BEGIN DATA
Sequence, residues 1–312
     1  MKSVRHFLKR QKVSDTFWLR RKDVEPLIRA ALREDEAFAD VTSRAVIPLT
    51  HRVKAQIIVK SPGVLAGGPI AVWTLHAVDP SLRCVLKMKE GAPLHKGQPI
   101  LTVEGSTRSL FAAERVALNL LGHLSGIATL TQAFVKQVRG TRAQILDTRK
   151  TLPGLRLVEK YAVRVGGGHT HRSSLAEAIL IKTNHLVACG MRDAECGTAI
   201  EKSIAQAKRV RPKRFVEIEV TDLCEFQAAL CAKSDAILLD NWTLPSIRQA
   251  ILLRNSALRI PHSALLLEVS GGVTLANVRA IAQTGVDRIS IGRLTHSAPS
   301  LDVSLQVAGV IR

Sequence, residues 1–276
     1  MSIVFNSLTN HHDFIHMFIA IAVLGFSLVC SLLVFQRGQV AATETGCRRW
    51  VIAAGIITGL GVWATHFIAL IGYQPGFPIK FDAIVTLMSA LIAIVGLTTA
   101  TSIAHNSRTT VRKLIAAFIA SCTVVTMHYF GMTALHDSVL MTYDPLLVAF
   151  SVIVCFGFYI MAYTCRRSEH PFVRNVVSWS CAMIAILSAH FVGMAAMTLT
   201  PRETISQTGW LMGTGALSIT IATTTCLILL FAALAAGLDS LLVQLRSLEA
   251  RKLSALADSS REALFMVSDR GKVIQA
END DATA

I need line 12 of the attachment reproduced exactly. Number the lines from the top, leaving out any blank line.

   101  TSIAHNSRTT VRKLIAAFIA SCTVVTMHYF GMTALHDSVL MTYDPLLVAF